The loss of 5.4 million jobs is not just a statistic but a narrative of personal and community hardship. These jobs often represent entire families’ livelihoods, particularly in rural and semi-urban areas where alternative employment opportunities are scarce. The reduction in household incomes has a ripple effect, impacting education, health, and overall quality of life for millions.

A glimmer of resilience

Despite these challenges, the unincorporated enterprises have shown some resilience. The total number of establishments across all non-agricultural sectors increased by 5.88% annually from 2021-22 to 2022-23. Employment figures also rose by 7.84% during the same period, indicating some recovery, albeit insufficient to offset the previous losses. This resilience is partly attributed to the sector’s inherent flexibility and the entrepreneurial spirit that drives many to start their own ventures despite adverse conditions.

The Gross Value Added (GVA) per worker, a measure of labour productivity, rose to Rs 141,769 in 2022-23 from Rs 138,207 in 2021-22. Similarly, the average annual earnings for informal workers increased slightly, reflecting improved wage conditions. However, these gains are modest compared to the vast scale of job losses and business closures.

Improved productivity metrics suggest that the businesses that have survived are perhaps more efficient and better adapted to the new economic realities. Yet, the marginal increase in wages indicates that the overall economic environment remains challenging, with many workers still earning barely enough to meet their basic needs.

Policy implications

The closure of unincorporated enterprises points to the need for targeted interventions. It is crucial to address the vulnerabilities of this sector, which has been the backbone of India’s informal economy. Measures should include providing direct financial aid and easier access to credit for small businesses. Financial support is essential to help businesses rebuild and invest in growth, while credit facilities can provide the necessary liquidity to manage operational costs and expand activities.

Regulatory relief is another critical area. Simplifying regulatory compliances can reduce the burden on small enterprises, enabling them to focus more on their core activities rather than navigating complex administrative requirements. This could involve streamlining tax procedures, offering tax incentives, and reducing the paperwork required for compliance.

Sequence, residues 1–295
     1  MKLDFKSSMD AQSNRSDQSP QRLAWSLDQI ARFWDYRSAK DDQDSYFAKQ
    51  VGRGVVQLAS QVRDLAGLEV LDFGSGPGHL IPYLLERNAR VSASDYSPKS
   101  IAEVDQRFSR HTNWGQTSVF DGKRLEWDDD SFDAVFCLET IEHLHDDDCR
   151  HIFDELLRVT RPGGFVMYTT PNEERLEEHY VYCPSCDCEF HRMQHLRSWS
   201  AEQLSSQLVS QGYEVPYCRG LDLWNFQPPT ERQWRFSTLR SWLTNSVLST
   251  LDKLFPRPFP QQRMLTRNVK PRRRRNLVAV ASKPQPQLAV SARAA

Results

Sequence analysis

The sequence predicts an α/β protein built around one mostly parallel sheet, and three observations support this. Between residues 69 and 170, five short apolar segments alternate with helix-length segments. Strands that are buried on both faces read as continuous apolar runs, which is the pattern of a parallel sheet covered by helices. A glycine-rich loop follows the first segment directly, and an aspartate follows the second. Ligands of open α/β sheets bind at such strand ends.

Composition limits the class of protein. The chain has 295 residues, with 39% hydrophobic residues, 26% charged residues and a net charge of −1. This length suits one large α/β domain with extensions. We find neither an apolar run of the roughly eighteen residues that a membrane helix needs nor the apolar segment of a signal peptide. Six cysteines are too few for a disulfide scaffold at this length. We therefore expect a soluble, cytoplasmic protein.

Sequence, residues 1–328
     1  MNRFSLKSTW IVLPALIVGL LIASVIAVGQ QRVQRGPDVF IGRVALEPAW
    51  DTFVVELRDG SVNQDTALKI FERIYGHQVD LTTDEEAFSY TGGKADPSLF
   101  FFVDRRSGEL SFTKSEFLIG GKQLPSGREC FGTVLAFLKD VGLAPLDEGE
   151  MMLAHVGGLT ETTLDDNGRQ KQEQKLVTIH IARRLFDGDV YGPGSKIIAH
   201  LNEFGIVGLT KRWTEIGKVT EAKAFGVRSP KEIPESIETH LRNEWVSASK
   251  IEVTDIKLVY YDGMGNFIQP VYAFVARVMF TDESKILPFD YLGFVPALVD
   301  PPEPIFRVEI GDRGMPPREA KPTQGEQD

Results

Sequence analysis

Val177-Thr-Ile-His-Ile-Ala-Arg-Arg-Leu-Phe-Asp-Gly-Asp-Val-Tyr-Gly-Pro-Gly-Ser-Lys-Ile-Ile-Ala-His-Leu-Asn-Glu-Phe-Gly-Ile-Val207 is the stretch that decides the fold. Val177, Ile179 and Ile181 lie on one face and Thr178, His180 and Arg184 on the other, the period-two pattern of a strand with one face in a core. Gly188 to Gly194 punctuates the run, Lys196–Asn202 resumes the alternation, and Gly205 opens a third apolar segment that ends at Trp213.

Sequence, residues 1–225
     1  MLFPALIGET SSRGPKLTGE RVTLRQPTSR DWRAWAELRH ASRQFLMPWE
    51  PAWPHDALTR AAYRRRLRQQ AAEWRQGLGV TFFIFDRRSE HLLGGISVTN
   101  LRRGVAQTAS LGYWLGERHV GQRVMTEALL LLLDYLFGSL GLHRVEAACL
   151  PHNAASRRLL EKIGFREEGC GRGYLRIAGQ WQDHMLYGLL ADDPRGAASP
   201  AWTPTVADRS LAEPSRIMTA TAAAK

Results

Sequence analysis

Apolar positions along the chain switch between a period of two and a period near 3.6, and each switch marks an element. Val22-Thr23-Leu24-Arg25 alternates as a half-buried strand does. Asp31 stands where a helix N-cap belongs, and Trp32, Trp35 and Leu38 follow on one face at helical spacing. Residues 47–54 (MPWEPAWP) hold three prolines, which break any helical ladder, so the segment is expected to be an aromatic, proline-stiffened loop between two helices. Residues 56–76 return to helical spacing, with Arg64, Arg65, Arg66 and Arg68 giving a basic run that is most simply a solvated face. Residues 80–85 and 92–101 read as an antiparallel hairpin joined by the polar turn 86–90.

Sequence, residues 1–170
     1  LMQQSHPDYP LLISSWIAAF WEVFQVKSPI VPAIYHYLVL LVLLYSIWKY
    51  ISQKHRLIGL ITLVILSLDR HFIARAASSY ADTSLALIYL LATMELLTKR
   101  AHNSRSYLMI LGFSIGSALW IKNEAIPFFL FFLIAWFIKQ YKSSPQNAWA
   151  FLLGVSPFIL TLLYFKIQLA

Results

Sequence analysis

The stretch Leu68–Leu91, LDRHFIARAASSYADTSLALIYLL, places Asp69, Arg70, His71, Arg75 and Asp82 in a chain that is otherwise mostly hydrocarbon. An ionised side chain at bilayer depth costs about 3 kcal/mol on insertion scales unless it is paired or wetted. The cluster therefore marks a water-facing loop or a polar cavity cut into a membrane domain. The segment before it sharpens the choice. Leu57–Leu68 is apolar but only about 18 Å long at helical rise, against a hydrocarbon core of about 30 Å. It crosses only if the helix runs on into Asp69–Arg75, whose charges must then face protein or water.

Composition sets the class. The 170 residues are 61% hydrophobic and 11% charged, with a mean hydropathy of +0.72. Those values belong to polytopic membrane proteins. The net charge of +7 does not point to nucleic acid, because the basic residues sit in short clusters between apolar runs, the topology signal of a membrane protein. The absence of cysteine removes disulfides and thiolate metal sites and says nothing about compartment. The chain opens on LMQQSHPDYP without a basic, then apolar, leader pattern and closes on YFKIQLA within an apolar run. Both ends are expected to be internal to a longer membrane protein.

Skill development programs are vital for enhancing the employability of the workforce. Investing in training and development can equip workers with new skills, making them more adaptable to changing industry needs and improving their prospects in the job market. This can also help businesses become more innovative and competitive.

Creating better market access opportunities for unincorporated enterprises is also crucial. Integrating these businesses more effectively into the formal economy can provide them with broader customer bases and more stable revenue streams. This can be facilitated through digital platforms, government procurement policies, and support for marketing and export activities.

The closure of 1.8 million unincorporated enterprises and the loss of 5.4 million jobs between 2015 and 2023 highlight a critical issue that needs urgent attention. While the sector has shown some resilience post-pandemic, the scale of the crisis demands comprehensive policy measures to support these enterprises and the millions who depend on them. It is essential to recognise and bolster the unincorporated sector’s role in the Indian economy to ensure sustainable and inclusive growth.

The plight of these enterprises serves as a stark reminder of the vulnerabilities inherent in the informal sector. As policymakers and stakeholders consider the path forward, it is crucial to create an environment where these businesses can thrive, contributing to a more robust and resilient economy that benefits all segments of society.